Rather than licensing a full-blown movie tie-in game for Star Trek's upcoming "reboot" film, publisher Paramount is pushing for a decent game with a smaller scope. Pretty much the only thing D-A-C the game has to do with the movie is music from the film's original score. Other than that, everything is pure top-down shooter tradition and familiar Star Trek franchise naming conventions.
What Is It?
Star Trek D-A-C is a top down space shooter made up of various online multiplayer modes that can be played alternately offline with AI. Players choose either the Star Fleet faction or the Romulan Empire faction and then pick one of three types of starship to control. The various game modes allow for up to six players per faction with AI-controlled units to flesh out the ranks. The different modes are team deathmatch, conquest and assault and each have a versus, co-op or solo variants. It's coming out for XBLA, PSN and later on for PC.
What We Saw
I sat in a room in the Westin St. Francis hotel for about 20 minutes, watching Producer Tarik Soliman play through quickmatch rounds of deathmatch and conquest against the AI on the XBLA version. Then I took a turn with assault mode for about 25 minutes before I lost and had to pass the controller to the next journalist.
How Far Along Is It?
The build looked pretty final. D-A-C will come out "around the same time" as the movie, Soliman, so start looking for it on XBLA and PSN the week of May 8.
What Needs Improvement?
Tutorial – What Tutorial?: Perhaps this is something Soliman skipped in during the demo in his rush to show off the game, but I didn't see a tutorial mode or any real expository text telling you how to play the game. Not that D-A-C is complicated – but in a game so focused on multiplayer, it might be nice to keep the learning curve shallow with a decent tutorial so you don't spend the first half our of your D-A-C experience getting slaughtered online.
Can't Control The AI: Soliman said the developer felt it would be too hectic in solo mode to give the lone human player control over all of the friendly AI units. Normally, I'd be okay with leaving the battle plans up to the AI – it's a computer, so it should be smarter than me, right? – but I found that the AI units on my team weren't team players... at least not where I was concerned. I had to tap Y to go into the map view just to find them whenever I respawned and unless I guessed what their tactic was, I couldn't really participate in whatever plan they'd cooked up. Solo feels particularly lonely when even the AI ditches you.
Limited Scope: Because this game relies on multiplayer (and is better played with more human than AI players), it's pretty limited for long term playability. Soliman said there would potentially be DLC for the title; but unless they add a compelling story-based singleplayer mode or some hot, new multiplayer mode, D-A-C might lose its appeal overtime instead of gaining a steady following – like a stick of gum losing its flavor instead of a fine wine aging.
What Should Stay The Same?
Sheild/Boost System: Your primary controls in the game are shoot and boost – pull the trigger for the former and press X for the latter. Both eat up an energy meter displayed at the bottom of the screen which regenerates slowly overtime or gets replenished through white orb pickups you can find on the map or score from blown-up enemy units. This, combined with a shield that also requires time to regenerate if it gets shot up, adds a nice layer of strategy to the gameplay that sets D-A-C.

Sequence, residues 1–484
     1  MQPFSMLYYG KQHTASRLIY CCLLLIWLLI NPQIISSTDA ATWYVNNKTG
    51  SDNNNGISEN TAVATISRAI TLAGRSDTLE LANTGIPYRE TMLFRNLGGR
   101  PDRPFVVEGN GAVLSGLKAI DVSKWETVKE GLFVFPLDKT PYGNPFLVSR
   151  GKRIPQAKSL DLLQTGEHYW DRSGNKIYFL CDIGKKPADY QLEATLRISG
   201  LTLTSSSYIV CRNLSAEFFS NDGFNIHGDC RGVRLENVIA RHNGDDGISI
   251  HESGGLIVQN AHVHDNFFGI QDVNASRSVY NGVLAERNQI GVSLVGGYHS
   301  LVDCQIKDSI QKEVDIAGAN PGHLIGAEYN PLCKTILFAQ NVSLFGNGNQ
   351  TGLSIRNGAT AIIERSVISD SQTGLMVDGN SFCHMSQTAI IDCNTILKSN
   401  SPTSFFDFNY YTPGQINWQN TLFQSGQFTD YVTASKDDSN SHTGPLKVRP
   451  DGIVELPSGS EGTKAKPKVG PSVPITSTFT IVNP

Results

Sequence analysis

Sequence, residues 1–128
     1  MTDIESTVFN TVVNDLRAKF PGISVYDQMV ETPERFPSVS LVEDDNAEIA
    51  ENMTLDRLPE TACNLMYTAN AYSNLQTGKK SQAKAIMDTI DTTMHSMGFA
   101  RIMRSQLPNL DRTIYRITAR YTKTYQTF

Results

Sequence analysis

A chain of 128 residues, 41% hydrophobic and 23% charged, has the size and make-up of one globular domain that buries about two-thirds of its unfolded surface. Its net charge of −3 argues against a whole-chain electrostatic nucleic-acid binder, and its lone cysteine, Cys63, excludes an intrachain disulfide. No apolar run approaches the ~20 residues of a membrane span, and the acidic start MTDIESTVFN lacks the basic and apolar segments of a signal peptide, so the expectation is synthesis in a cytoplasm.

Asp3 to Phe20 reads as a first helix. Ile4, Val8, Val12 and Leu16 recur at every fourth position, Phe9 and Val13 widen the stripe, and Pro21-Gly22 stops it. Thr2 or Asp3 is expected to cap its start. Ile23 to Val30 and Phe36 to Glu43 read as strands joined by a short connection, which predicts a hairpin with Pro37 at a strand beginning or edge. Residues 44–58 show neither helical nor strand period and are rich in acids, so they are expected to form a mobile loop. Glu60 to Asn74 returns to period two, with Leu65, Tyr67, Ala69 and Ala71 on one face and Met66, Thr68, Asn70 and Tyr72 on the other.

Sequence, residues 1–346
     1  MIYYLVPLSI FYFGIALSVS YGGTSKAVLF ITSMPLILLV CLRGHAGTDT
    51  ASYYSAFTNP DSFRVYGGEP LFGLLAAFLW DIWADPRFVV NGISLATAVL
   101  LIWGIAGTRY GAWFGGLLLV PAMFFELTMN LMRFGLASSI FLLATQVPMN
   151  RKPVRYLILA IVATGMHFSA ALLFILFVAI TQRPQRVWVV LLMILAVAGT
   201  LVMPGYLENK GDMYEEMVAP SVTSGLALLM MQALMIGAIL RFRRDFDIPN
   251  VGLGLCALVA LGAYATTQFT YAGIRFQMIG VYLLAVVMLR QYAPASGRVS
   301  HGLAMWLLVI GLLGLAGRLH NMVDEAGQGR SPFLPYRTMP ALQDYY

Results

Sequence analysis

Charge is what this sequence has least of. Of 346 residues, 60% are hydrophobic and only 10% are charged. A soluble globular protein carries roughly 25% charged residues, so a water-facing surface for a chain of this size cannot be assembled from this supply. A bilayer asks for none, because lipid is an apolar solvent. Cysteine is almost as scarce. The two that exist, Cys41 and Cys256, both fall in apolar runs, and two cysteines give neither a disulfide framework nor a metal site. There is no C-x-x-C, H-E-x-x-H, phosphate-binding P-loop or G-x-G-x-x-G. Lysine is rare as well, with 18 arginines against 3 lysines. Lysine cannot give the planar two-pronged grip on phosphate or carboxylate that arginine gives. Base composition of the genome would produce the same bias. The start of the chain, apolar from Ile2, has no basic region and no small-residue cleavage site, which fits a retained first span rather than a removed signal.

Escape Pod Deaths: In D-A-C, you take damage from other ships shooting at you, enemy mines or enemy turrets (not from crashing into stuff). When your shield are gone, your ship can either take a few more hits before it explodes, or you can eject an escape pod. The escape pod can't shoot and has no shield to defend itself, but if you can steer it away from danger ‘til a timer runs out, the game rewards you with a quicker respawn time and by letting you keep a higher percentage of items you picked up before you got shot down.
Different Things Actually Feel Different: Three game modes and three ship classes doesn't sound like a lot in the way of gameplay, but each mode and each ship feels different enough to create a sense of depth. The ship classes work like rock-paper-scissors: speedy fighters can't last long against bombs, the slow flagships pack a wallop and take forever to get anywhere, while the bombers can't last long against a barrage of lasers. The strategies you develop around the different fighters then adapt depending on which mode you play: for conquest, you're better off with a bomber-flagship mix – but for assault mode (which sounds similar to conquest because it's about capturing points on the map), you need to switch it up between bombers and fighters depending on how far through the map you've progressed.
It's Fun: I didn't even notice 25 minutes had passed during my assault match. I must've died at least half a dozen times, but rather than being frustrated, I was always eager to get back to the game.
Only one thing bugs me about D-A-C: nobody will tell me what the acronym stands for. My best guess is that it stands for Deathmatch-Assault-Conquest, but Soliman was hinting at movie spoilers or something. Whatever; I had fun playing it, so what difference does the acronym make? They could have called it Obligatory Star Trek Tie-In and it'd still be a fun game to play.
If you're not convinced, just sit tight for the demo that's due out the same day as the game; it'll include multiplayer (because it kind of has to) and give you a good idea of what you'll be getting for $10. All in all, for me D-A-C sounds like it's exactly what an XBLA/PSN game should be: quick and pretty with a healthy shot of multiplayer.